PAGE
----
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A new law encouraging teens to call for help for a friend when they’ve been drinking isn’t as well known as it should be, according to State Sen. Jim Merritt.
New law offering immunity to teen drinkers isn’t well known

Posted on Sept. 10, 2013 at 1:00 a.m. | Updated on Sept. 18, 2013 at 9:39 a.m.

ELKHART — Last year, a new law was passed in Indiana with a goal to cut down the number of young people dying from alcohol poisoning. To meet that goal, the Lifeline law offers immunity to underage drinkers — meaning they won’t be charged with minor consumption or other alcohol-related charges — if they call for medical help for a friend.

But the politician who authored the law — State Sen. Jim Merritt, R-Indianapolis, said recently that the message isn’t getting to young people like he had hoped.

“It is very difficult to educate those who need to be educated (about the Lifeline law),” Merritt said on Sept. 5. “I think people are concerned with their own lives. I think that there are so many competitive news messages out there that it’s just hard to break through.”

Merritt said that he and his team have filmed a public service announcement about the Lifeline law and they are trying to raise money to fund marketing efforts. But they are “working on a shoestring budget,” Merritt said. Merritt has also recently teamed up with Big Red Liquors, a liquor store chain located primarily in southern Indiana, to raise awareness for the law.

“The bottom line is, we need to continue to inform,” Merritt said. “(Over the past year) I have learned that there will always be a 17-year-old to inform and educate about (this law). There will always be a need to talk about it.”

School policies

The law is targeted at juniors and seniors in high school and at college freshmen, Merritt said. The Indiana Lifeline law website lists university policies from Indiana University, Purdue University and Ball State University. These policies seek to encourage students to call for help without fearing disciplinary action from their school.

Spokespeople for several area colleges recently shared their policies on underage drinking situations where the Lifeline law might be used.

Bethel College representative Erin Kinzel said the school’s student guidelines address a situation where a student who had been drinking needs medical assistance. The guidelines read, “In cases where a student self-reports and/or shows a desire for change, every attempt will be made to assist and restore the student.”

Kinzel added that Bethel College policies are written in a way that puts the health and safety of students above any type of disciplinary action.

Jodi Beyeler, a representative of Goshen College, said that the school has no written policy that addresses the Lifeline law. She added that the school would probably follow the lead of civic authorities if they implemented the law, but said that the situation has never come up.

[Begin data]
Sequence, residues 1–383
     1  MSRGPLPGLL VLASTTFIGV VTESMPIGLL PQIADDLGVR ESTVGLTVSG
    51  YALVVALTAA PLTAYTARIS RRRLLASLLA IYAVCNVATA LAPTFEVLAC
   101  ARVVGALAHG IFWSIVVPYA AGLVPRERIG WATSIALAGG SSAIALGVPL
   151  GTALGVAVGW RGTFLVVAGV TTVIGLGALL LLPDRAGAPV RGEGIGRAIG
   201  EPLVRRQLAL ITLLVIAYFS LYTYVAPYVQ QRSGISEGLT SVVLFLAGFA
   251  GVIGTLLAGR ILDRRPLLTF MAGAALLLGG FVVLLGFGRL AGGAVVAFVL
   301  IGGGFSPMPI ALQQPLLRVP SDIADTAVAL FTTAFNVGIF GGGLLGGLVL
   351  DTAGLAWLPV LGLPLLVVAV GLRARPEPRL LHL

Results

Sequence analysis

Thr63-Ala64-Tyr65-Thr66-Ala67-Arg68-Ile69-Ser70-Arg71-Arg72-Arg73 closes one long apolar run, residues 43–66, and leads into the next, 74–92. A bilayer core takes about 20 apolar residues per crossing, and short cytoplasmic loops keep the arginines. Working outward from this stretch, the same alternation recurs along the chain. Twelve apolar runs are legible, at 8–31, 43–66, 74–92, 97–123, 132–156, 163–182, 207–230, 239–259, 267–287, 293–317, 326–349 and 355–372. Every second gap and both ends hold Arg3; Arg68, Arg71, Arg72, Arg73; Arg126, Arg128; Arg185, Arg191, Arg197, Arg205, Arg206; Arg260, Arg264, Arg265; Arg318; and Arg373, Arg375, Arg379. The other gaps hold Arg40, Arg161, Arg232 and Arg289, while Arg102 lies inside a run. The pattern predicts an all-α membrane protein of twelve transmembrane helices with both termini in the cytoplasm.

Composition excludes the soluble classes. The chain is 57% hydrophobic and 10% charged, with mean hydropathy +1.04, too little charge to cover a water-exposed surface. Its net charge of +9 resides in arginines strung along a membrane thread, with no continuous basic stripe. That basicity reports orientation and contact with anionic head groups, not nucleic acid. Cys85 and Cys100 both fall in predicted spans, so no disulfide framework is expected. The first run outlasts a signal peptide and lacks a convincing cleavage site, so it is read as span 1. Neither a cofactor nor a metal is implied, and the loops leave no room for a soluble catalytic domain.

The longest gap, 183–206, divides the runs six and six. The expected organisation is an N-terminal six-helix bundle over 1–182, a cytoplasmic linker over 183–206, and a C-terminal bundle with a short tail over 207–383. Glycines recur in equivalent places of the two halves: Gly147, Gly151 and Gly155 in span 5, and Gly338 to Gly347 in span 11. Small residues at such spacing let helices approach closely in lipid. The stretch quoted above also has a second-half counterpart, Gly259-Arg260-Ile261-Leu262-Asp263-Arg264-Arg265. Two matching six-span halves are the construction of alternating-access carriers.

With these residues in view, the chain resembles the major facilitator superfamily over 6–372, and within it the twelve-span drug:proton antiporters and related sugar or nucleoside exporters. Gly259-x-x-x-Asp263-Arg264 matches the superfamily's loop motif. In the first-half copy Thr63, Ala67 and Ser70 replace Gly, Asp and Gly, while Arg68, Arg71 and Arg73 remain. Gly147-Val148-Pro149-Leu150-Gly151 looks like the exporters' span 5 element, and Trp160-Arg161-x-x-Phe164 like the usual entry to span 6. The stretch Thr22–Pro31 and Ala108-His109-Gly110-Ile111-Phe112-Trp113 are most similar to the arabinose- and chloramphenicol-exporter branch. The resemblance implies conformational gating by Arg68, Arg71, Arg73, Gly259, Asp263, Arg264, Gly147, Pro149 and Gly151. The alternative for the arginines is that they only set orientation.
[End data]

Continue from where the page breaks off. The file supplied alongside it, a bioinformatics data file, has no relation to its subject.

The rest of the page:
Ivy Tech Community College Chancellor Thomas Coley said that Ivy Tech policy prohibits use of alcohol on college property. However, he pointed out that the average age of Ivy Tech students is 28 and that the college does not have residential housing where recent high school graduates would be living.

University of Notre Dame spokesperson Dennis Brown said that the university has not specifically addressed the Lifeline law with students.

It’s an issue here

Underage drinking is a problem in Elkhart County, according to Ed Windbigler, chief investigator for the Elkhart County Prosecutor’s office. “You don’t have to look very far to see how many arrests or citations are issued,” Windbigler said on Sept. 9. “It’s an issue everywhere, I think.”

He said the prosecutor’s office has not yet dealt with the Lifeline law in any local cases involving underage drinking. But if a young person were to claim immunity under the law, Windbigler said they would be eligible if all the required circumstances were met.

“Unfortunately, if (the young person) calls for help and then they leave, or if they call and don’t give police their information or help the investigation, they wouldn’t be eligible,” Windbigler said.

He continued, sharing his belief that many local people aren’t aware of the Lifeline law.

“A lot of people do not realize that (immunity under the Lifeline law) is available,” he said. “I think people live in their own worlds and don’t worry about what’s on the books because 90 percent of people aren’t doing anything wrong. Unless the law deals with you specifically ... a lot of people do not pay attention to new laws that come out.”

He continued, “I think more kids need to know about this (law). But how do we get it to the forefront?”

What you need to know about the law

The Lifeline law went into effect July 1, 2012. It provides immunity for some alcohol-related offenses to Indiana residents who request medical assistance for someone in need, according to the Indiana Lifeline law website.

The alcohol-related offenses listed in the law include public intoxication, minor possession, minor consumption and minor transport. However, it doesn’t protect individuals from being prosecuted for other criminal offenses such as providing to a minor, operating while intoxicated or possession of a controlled substance.

People calling for medical help for someone else must be prepared to give their full name and any other information requested to police. They must also remain on the scene until police or emergency medical personnel arrive, and cooperate with authorities.

To find out more about the Lifeline law visit the website